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What Were the Criteria for Determining Which Books Belong in the Bible?

Tom Nash

Tom Nash lists some of the criteria the early Church used to determine which scriptural writings were truly inspired and refutes the claim that we need not belong to any one church to be saved as long as we believe in Jesus.


Transcript:

Host: Danny in Jackson, New Jersey, listening on EWTN, you are on with Tom Nash. What is your question, Danny?

Caller: Hi guys, doing a great job over there.

Host: Thank you.

Caller: Well, my question is this: what was the Church’s criteria of canonizing the Bible in the fourth century? Now I know, the Gospels, we have four, right? But I know there’s, like, about, maybe 20 out there or something like that. And, you know, other epistles and stuff like that. So how did the Church come up with what books were inspired and what weren’t? And the second part of the question was: a lot of people say, “Well it doesn’t matter what Church you belong to, as long as you believe in Jesus.” How do you answer that?

Tom: Sure. First question, with regard to criteria: among other things, you know, that it dates back to the apostolic era, and that you have either one of the apostles or one of their close associates who are writing. Of course, you’ve got St. Paul; not one of the original twelve, but indeed a great apostle who encountered Christ on the road to Damascus. So he’s the most prolific of the writers.

Also: how it was used in the Liturgy. So there we see that sacred tradition in action; when was it used in terms of—was a particular writing used, proclaimed in the sacrifice of the mass? The Breaking of the Bread, as it’s known in Acts 2:42 and Luke 24 as well, that…was this used in the Liturgy, the Church’s Liturgy? So those are two right there that are a couple of the criteria.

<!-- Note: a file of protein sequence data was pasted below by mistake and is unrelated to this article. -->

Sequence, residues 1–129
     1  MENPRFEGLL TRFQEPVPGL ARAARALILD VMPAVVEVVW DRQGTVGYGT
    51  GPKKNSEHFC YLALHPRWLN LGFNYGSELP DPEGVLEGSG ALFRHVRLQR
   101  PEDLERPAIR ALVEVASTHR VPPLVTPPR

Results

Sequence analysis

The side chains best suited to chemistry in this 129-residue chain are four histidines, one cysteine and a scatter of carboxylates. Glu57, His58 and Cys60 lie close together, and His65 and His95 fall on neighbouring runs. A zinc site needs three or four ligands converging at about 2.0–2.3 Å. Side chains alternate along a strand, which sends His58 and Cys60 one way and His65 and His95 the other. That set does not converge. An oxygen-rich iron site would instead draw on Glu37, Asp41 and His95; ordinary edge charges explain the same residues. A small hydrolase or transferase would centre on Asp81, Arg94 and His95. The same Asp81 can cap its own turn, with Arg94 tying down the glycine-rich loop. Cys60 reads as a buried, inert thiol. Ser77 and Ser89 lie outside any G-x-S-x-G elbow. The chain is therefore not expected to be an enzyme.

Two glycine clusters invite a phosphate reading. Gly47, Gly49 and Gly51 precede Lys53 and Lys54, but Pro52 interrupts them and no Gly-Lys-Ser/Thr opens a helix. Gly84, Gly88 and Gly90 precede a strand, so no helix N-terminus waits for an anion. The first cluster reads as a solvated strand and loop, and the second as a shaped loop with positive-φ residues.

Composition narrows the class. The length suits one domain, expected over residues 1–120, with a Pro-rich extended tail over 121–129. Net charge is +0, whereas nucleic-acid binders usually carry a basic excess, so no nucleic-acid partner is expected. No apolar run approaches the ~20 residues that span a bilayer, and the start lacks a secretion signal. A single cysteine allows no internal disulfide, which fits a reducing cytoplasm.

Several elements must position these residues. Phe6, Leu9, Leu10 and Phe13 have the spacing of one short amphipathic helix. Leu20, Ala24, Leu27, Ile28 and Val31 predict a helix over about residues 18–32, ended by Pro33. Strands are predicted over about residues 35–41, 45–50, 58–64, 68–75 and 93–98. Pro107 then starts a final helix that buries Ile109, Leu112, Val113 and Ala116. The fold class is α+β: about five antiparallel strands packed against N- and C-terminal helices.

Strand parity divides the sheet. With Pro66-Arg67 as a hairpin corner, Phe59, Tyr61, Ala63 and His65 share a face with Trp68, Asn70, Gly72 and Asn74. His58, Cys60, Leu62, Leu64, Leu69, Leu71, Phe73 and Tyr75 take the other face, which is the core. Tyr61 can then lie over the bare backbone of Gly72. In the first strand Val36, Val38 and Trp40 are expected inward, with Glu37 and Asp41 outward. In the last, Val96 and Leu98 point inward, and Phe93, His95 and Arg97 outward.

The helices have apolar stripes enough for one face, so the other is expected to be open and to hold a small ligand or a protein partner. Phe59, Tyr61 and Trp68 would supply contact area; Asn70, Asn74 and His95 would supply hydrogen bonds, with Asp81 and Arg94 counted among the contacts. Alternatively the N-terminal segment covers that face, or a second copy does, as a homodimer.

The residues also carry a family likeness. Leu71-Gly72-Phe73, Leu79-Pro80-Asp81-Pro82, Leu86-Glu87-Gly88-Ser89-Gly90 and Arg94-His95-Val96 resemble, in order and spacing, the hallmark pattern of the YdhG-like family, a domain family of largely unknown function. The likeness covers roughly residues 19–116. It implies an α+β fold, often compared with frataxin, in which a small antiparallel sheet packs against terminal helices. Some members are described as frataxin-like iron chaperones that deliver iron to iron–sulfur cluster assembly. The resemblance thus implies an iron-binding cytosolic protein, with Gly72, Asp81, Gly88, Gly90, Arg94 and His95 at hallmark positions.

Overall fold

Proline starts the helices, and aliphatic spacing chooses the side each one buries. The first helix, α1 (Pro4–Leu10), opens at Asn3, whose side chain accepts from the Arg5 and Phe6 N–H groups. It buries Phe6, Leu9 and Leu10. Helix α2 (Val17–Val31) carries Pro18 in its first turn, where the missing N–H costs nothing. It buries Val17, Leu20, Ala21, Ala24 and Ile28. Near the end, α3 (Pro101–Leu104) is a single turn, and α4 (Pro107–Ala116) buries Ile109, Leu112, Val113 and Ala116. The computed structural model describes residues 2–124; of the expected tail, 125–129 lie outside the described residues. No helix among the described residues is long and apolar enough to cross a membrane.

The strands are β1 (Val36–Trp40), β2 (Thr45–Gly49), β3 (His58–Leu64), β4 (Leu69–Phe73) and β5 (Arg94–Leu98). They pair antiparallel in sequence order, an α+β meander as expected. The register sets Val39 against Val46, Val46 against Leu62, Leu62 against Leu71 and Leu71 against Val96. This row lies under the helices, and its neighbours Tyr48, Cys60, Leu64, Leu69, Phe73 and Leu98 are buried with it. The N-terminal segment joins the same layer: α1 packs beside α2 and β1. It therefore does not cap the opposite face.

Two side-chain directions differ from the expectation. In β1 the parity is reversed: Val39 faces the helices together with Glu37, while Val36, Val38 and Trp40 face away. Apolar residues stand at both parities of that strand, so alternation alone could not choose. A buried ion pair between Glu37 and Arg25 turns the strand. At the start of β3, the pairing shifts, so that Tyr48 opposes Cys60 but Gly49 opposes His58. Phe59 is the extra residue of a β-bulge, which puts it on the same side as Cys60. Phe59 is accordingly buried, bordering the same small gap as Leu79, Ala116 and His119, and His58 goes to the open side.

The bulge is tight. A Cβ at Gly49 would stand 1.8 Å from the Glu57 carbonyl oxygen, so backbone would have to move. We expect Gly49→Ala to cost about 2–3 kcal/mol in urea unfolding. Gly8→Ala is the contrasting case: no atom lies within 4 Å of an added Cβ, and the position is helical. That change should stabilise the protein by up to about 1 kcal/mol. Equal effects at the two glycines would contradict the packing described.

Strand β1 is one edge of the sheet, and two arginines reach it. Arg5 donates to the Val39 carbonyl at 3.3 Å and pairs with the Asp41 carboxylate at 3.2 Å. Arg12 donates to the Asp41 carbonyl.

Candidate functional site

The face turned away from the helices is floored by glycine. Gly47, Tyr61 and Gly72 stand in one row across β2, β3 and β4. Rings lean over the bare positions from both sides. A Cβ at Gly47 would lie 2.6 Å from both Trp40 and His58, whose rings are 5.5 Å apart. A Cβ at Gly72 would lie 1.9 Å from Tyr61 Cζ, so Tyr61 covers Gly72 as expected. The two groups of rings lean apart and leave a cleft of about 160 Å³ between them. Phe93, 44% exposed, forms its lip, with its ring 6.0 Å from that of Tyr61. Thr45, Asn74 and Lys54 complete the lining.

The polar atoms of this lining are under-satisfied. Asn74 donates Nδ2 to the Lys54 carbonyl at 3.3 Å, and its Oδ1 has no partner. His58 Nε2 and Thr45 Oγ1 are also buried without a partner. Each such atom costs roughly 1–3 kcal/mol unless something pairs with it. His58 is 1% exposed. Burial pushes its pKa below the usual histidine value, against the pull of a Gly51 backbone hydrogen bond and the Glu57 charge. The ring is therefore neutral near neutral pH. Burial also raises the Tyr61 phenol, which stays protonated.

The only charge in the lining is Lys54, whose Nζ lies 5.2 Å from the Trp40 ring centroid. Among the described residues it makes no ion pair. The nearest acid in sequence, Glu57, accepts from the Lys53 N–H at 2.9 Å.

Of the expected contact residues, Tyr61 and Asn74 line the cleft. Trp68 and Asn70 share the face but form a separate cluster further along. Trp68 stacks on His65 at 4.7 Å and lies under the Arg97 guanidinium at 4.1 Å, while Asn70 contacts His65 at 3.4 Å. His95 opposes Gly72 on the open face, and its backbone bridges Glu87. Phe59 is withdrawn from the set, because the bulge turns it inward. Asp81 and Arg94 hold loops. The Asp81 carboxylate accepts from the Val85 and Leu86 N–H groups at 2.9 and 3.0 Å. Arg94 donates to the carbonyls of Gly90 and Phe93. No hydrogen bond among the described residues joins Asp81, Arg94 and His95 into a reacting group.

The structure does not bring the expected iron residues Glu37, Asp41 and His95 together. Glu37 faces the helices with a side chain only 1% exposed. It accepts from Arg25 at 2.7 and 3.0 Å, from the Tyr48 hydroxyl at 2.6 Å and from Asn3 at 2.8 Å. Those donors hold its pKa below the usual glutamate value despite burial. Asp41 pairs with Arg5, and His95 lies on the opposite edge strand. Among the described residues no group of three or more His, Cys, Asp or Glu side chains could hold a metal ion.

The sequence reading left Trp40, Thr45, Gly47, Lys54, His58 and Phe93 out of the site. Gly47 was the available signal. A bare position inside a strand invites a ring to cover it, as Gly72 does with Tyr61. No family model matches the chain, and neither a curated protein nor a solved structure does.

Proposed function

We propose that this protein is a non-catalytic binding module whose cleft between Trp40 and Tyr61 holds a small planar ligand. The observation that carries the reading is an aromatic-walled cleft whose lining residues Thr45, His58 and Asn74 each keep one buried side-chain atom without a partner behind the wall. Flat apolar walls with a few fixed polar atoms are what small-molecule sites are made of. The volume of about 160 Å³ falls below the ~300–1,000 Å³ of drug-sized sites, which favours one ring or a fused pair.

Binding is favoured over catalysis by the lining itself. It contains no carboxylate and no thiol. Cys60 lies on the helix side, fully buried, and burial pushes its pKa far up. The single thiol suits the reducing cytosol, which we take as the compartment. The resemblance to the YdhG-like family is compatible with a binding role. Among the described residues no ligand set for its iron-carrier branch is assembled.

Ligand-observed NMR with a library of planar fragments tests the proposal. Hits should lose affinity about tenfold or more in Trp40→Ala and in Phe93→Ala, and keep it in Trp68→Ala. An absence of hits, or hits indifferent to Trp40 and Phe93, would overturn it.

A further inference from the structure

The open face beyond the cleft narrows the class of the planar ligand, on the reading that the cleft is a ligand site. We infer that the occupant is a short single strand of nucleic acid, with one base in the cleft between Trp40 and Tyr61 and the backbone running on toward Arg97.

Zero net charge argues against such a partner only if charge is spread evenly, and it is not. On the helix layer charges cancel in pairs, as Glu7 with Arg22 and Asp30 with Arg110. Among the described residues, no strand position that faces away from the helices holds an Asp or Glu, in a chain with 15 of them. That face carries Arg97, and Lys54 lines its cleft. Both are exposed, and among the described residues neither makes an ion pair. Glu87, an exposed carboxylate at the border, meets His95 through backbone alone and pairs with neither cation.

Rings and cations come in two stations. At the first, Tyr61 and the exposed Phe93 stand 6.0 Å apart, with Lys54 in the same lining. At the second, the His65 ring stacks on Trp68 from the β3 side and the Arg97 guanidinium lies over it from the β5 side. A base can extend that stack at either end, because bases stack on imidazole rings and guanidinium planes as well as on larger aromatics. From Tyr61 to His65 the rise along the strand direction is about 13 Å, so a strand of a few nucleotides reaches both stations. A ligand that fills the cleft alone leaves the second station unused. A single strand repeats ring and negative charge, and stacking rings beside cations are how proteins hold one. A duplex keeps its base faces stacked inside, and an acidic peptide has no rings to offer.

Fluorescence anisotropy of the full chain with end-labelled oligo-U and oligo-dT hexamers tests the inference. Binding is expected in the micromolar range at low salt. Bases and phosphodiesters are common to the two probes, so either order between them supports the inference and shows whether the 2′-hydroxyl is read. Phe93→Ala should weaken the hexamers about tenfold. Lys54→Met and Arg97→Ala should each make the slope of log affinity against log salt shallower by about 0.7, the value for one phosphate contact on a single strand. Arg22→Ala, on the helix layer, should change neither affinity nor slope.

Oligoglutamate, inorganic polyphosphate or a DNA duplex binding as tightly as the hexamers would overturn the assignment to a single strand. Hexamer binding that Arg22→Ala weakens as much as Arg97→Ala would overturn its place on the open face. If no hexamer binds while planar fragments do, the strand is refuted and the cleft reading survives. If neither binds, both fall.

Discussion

For further reading, I’d suggest Ignatius’ Catholic Study Bible, New Testament. That is put out by Ignatius Press, and the editors are Scott Hahn and Curtis Mitch. Very good resource for you for the future.

With regard to “Doesn’t matter whether you belong—what Church you belong to as long as you believe in Jesus:” well, what is it about Jesus? Jesus founded a Church. He didn’t say, “I founded (plural) Churches.” And he also said that He wants us to be one as He and the Father are one. Well, how can we approach to that—even approach that intimacy, that level of oneness that the Father and Son have, if Jesus did not give us a means by which to know the Faith and to know when something’s being taught correctly or not?

And so we go back and say: yes, Jesus founded a Church, we can see that in the Bible, we can see it substantiated through history, and so that’s why we would encourage everyone to either remain Catholic and grow closer to the Church, and Christ thereby, or to become Catholic.

As far as the salvation of non-Catholics—Christians, since we’re talking about Church and therefore Christians—the Catechism on 846-848 is very helpful, Catechism of the Catholic Church. But why do we do it? Because part of believing in Jesus is following what Jesus says, and He founded a Church and wants us to be part of it, and also receiving the Eucharist, which He talks about in John.

So we’re doing—we’re being obedient to Jesus in being faithful Catholics, and staying in the Church, and in welcoming people in, making disciples of all the nations.

Host: Does that help you, Danny?

Caller: Yeah, thank you. Thanks a lot.

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